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From Wikipedia, the free encyclopedia

Frank Galati
Born(1943-11-29)November 29, 1943
DiedJanuary 2, 2023(2023-01-02) (aged 79)
Alma mater
Occupation(s)Theatre director, actor, professor
Peter Amster
(m. 2017)

Frank Joseph Galati (November 29, 1943 – January 2, 2023) was an American director, writer, and actor. He was a member of Steppenwolf Theatre Company and an associate director at Goodman Theatre. He taught at Northwestern University for many years.

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Early life

Galati was born in Highland Park, Illinois, a suburb of Chicago, the son of Virginia (Cassel), a saleswoman with Marshall Field, and Frank Galati, a dog trainer and boarder.[1] He attended Glenbrook North High School in Northbrook, Illinois, where he competed in speech, winning a state championship in the Original Comedy event in 1961.[2] He attended Western Illinois University for one year before transferring to Northwestern University, where he received a B.S. in speech, with a concentration in interpretation, in 1965. He taught at the University of South Florida and then earned a M.S. in speech from Northwestern in 1966, and received his Ph.D. in interpretation from Northwestern in 1971. During this time, he both directed and performed in numerous plays.[3]


Galati was an associate director at the Goodman Theatre from 1986 to 2008.[4]

In 2004, Galati was inducted into the Chicago Gay and Lesbian Hall of Fame.[5] He was the recipient of nine Joseph Jefferson Awards for his contributions to Chicago theater.[6]

Galati and co-writer Lawrence Kasdan adapted the novel The Accidental Tourist for a film, The Accidental Tourist which was nominated for an Academy Award for Best Writing (Adapted Screenplay), a BAFTA Award for Best Adapted Screenplay, and a Writers Guild of America Award for Best Adapted Screenplay.[1] The pair won a USC Scripter Award for the screenplay.

Galati was awarded the Tony Award for Best Play for his adaptation of The Grapes of Wrath in 1990. The production originated at Steppenwolf and transferred to Broadway where, in addition to Best Play, Galati won an additional Tony for Best Direction of a Play. The drama also received six more nominations, including recognition in acting categories for Gary Sinise, Terry Kinney, and Lois Smith.[7] Following his success with The Grapes of Wrath, Galati went on to adapt As I Lay Dying in 1995, and Haruki Murakami's After the Quake in 2005. He also wrote original work, such as Everyman (1995). Most of his work debuted at Steppenwolf.[8]

Galati occasionally had turns as an actor, and directed Tony Kushner's Homebody/Kabul at New York Theatre Workshop. For Broadway, he directed the musical Ragtime in 1998 and The Pirate Queen in 2007. He directed two productions of The Visit, at the Goodman Theatre in 2001 and at the Signature Theatre (Arlington, Virginia) in May 2008, with Chita Rivera.[9][10]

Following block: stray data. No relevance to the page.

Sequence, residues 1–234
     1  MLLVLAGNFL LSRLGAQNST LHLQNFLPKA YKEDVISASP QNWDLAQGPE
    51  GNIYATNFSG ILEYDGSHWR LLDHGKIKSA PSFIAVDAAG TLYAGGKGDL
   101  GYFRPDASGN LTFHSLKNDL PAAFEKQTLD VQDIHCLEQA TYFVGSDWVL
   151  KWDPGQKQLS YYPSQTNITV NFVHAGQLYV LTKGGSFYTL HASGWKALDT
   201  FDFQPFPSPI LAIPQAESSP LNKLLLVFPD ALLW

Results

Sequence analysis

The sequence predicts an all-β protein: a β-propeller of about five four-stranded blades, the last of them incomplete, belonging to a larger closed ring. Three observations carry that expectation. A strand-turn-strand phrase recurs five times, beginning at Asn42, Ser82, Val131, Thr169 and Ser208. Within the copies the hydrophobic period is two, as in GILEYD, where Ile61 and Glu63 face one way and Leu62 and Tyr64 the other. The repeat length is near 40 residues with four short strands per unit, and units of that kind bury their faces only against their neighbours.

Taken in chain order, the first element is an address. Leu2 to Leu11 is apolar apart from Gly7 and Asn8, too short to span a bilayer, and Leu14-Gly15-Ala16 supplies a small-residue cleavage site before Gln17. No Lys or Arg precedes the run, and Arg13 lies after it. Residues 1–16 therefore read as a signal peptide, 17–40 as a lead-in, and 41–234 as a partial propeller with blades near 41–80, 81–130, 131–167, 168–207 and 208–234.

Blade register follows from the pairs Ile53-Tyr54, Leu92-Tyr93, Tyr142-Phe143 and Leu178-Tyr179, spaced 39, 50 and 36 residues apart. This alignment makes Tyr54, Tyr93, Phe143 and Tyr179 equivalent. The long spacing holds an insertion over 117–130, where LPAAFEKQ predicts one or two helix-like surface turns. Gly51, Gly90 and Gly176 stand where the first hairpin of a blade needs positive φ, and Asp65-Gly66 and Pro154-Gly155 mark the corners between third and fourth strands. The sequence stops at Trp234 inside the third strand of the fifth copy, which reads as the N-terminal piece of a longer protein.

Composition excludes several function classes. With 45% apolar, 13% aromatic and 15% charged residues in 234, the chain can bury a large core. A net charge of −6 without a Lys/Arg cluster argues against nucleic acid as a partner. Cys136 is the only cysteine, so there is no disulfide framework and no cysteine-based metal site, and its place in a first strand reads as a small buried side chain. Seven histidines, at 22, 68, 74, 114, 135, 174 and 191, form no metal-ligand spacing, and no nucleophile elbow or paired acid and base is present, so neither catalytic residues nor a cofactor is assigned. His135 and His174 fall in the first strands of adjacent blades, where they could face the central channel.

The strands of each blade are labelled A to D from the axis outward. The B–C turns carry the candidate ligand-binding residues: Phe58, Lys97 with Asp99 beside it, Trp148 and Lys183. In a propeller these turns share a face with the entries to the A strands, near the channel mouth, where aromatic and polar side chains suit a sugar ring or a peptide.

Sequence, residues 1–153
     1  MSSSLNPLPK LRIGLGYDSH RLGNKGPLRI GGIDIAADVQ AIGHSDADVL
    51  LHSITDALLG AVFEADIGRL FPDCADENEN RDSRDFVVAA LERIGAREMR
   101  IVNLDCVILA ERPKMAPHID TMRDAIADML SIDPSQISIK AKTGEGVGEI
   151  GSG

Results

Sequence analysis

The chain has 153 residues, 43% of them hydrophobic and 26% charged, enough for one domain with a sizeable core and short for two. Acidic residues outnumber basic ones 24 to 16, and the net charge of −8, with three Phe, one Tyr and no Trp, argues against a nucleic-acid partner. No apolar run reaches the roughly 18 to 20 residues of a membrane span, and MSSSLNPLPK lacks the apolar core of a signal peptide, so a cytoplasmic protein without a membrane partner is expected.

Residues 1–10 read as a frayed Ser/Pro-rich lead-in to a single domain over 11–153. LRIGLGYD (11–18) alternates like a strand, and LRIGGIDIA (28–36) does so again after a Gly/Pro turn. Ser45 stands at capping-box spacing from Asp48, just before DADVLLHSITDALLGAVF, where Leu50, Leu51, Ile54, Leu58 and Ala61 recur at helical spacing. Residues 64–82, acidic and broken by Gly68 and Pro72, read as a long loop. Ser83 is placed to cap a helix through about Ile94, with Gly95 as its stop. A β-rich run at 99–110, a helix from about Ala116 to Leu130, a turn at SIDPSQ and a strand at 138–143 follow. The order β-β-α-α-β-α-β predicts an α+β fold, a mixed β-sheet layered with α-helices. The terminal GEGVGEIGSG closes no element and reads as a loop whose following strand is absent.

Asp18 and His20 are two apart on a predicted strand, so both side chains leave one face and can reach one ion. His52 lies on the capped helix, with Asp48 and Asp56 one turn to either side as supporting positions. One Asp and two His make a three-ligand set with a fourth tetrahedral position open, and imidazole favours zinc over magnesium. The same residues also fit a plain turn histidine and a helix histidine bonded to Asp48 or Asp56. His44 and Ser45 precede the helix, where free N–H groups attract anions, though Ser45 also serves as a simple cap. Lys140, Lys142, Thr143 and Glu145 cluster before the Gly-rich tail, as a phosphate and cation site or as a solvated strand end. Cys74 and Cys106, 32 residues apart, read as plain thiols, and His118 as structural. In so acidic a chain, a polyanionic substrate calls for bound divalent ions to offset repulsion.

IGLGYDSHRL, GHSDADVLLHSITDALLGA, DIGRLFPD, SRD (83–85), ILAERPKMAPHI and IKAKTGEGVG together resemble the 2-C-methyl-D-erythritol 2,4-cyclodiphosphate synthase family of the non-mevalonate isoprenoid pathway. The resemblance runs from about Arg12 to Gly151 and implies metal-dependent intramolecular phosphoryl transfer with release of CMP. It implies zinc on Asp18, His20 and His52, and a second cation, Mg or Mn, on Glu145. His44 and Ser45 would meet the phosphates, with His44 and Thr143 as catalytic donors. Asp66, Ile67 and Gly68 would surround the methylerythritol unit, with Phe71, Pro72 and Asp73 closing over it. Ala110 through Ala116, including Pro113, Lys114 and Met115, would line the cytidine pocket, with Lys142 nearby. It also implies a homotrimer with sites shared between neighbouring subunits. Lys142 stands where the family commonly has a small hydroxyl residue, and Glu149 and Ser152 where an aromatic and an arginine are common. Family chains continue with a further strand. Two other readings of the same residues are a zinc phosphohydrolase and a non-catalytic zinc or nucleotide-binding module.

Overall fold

With a book score by Stephen Flaherty, lyrics by Lynn Ahrens, and directing and libretto by Galati, Knoxville premiered at the Asolo Repertory Theatre in spring 2020, based on the Pulitzer Prize winning book A Death in the Family by James Agee and Pulitzer Prize winning play All the Way Home by Tad Mosel.[11] It stars Jason Danieley as Author.[12]

The Frank Galati Papers are at Northwestern University.[3] He was a professor emeritus in the Department of Performance Studies at Northwestern University,[4] having retired in 2006.[13]

Personal life and death

Galati married his longtime partner, Peter Amster, in 2017.[1] Later in life, they resided between Sarasota, Florida, and Beaver Island on Lake Michigan.[1] Galati died in Sarasota from cancer on January 2, 2023, at the age of 79.[1][14]

See also


  1. ^ a b c d e Genzlinger, Neil (January 4, 2023). "Frank Galati, Mainstay of Chicago Theater, Dies at 79". The New York Times. Retrieved January 4, 2023.
  2. ^ "Illinois High School Association Speech Records", accessed January 3, 2023
  3. ^ a b "The Frank Galati Papers", accessed October 5, 2015
  4. ^ a b "Galati Bio" Archived October 6, 2015, at the Wayback Machine, accessed October 5, 2015
  5. ^ "Inducted 2004: Frank Galati". Chicago Gay and Lesbian Hall of Fame. 2004. Archived from the original on September 27, 2011. Retrieved May 28, 2008.
  6. ^ "Frank Galati: Ensemble Member Bio". Steppenwolf Theatre Company. Archived from the original on June 15, 2008. Retrieved May 28, 2008.
  7. ^ "The Grapes of Wrath Production Credits". Internet Broadway Database. Retrieved May 28, 2008.
  8. ^ "Frank Galati's Productions at Steppenwolf". Steppenwolf Theatre Company. Archived from the original on November 7, 2007. Retrieved May 28, 2008.
  9. ^ Harris, Paul. Review: ‘The Visit’" Variety, May 28, 2008
  10. ^ Rothstein, Mervyn. "Re-Visiting 'The Visit'" Archived October 11, 2008, at the Wayback Machine Playbill, May 23, 2008
  11. ^ "Knoxville, New Musical from Ragtime's Lynn Ahrens, Stephen Flaherty, and Frank Galati, Will Premiere in 2020". February 6, 2019.
  12. ^[dead link]
  13. ^ Rodkin, Dennis. "Frank Galati Sells His Lakeshore East Condo" Archived October 6, 2015, at the Wayback Machine Chicago Mag, May 3, 2011
  14. ^ Evans, Greg (January 3, 2023). "Frank Galati Dies: Broadway's 'Ragtime', 'Grapes Of Wrath' Director Was 79". Deadline Hollywood. Retrieved January 3, 2023.

External links

This page was last edited on 27 August 2023, at 14:54
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